Fellow farmers step in to help

Annexstads receive support after barn fire


ST. PETER, Minn. — For the Annexstad family, the despair that came when their dairy barn was destroyed by fire Dec. 5 was quickly replaced with gratitude when a rush of community support fol-lowed, especially from fellow dairy farmers.   

Matthias Annexstad woke just after midnight at the family’s farm near St. Peter to the sound of people pounding on the door.

“I wasn’t really all the way awake yet, so I walked out on the porch, and sure enough, the barn was on fire,” Matthias said. “They were already on the phone with the fire station at that point. I ran to see if the fire was spreading.”

Matthias’ parents, Rolf and Jean Annexstad, and his uncle, Mike Annexstad, own Annexstad Dairy. Matthias works with them full time. The farm’s milking herd consists of 180 cows, and the family raises youngstock. 

Rolf said the barn that caught fire was fortunately not housing cows.

“We have the milking parlor and holding area in our old barn (that burned), and the milk cows are in a separate barn about 300 feet away from the milking facility,” Rolf said. “The fire started in the haymow of the older part of the barn. There are some loafing sheds attached to this old barn with dry cows and youngstock, but the fire never spread to that part.”

Four fire departments responded to the blaze.

“It was pretty quick that emergency and fire crews were showing up, and we assessed what was burning,” Rolf said. “We had a barn office attached to the old barn that was burning, and the fire personnel said we could run in there and grab some things, so we grabbed our computer and some file drawers.”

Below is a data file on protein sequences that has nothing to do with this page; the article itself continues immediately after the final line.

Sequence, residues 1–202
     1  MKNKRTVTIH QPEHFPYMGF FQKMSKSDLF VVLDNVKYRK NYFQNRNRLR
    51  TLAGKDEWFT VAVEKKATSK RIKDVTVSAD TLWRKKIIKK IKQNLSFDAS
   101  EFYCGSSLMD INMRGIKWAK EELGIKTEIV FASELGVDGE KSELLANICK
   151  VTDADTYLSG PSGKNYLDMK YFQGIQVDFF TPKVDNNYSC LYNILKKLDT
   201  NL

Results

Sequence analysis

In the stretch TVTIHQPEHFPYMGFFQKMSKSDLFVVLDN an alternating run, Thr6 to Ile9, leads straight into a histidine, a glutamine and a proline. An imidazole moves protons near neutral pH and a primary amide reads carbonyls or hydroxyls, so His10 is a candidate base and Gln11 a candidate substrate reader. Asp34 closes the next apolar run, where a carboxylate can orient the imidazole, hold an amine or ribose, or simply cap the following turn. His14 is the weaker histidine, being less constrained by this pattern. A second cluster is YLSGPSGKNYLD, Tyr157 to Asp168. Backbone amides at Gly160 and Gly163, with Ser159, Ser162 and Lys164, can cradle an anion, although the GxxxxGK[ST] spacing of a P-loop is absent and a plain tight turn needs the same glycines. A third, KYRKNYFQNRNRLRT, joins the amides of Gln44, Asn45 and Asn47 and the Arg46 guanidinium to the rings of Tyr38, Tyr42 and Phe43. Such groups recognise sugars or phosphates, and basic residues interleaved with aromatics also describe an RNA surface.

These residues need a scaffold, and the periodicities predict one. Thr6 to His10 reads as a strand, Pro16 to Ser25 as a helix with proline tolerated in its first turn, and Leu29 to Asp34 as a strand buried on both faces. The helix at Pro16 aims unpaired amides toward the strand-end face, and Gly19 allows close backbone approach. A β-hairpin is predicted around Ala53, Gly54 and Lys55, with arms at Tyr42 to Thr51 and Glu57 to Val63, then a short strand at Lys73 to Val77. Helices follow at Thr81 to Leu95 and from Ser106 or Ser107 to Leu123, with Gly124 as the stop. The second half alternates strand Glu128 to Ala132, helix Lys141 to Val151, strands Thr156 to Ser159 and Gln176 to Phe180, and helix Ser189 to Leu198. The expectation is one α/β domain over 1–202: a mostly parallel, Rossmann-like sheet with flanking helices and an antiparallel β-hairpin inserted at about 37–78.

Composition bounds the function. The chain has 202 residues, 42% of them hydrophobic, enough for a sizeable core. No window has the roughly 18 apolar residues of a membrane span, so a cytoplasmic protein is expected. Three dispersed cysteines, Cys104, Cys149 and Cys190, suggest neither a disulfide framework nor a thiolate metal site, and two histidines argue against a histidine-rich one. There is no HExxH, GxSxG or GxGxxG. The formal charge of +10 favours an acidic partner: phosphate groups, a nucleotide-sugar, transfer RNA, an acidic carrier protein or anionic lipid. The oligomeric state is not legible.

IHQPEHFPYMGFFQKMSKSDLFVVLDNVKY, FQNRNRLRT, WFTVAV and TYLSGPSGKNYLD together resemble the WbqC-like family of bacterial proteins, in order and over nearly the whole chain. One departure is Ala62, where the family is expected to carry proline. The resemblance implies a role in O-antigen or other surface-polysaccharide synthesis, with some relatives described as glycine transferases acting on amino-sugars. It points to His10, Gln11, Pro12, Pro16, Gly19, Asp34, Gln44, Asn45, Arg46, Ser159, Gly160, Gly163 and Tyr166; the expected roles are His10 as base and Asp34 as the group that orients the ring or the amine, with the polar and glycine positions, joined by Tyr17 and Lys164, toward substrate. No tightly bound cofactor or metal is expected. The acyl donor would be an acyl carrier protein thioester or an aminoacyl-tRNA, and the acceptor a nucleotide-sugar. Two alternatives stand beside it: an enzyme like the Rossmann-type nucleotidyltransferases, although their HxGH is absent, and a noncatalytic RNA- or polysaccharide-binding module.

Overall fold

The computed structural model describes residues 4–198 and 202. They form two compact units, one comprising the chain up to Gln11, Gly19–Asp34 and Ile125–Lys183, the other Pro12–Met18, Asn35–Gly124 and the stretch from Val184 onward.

Then the family’s focus began to change.

“Our focus (at first) was on what we could do to help the fire crew, like answer questions about electrical and gas and so forth,” Rolf said. “Then, sometime in the middle of the night, we started talking about how we were going to get cows milked in the morning.”

By then, Rolf and Jean’s other son, Leif, arrived to help. Their daughter and son-in-law, Emily and Anthony Bosch, came too. The family began reaching out to the dairy-farming community.

“Matthias started making phone calls at 2 in the morning, and we had offers from a few other dairy farm neighbors we had, but there’s not much for dairy down here,” Mike said. “I made a phone call to a friend of mine in Baldwin, Wisconsin, and he could take a few. We found a farm down by Worthing-ton that could take a bunch, and by the time we were all said and done, we had cows going to six farms between Worthington and Baldwin.”

One farm took 80 first-lactation cows, and the nearest farm, which has pack housing, took the special needs cows.

“We are very fortunate that so many people in the dairy community were able to help us out,” Jean said. “It is just remarkable.”

By the early afternoon Dec. 5, the migration of the Annexstads’ 180 cows began.

“The first (truck) was here by 11 a.m.,” Mike said. “Neighbors stopped in at dawn and asked if we needed trailers. When we finally were figuring out where the cows would go, we called these people, and they were lined up by the barn to start loading between noon and 1 p.m.”

Jean said people showed up to help in other ways as well.

“A huge number of people who were great with cows came and helped with the sorting and loading,” she said.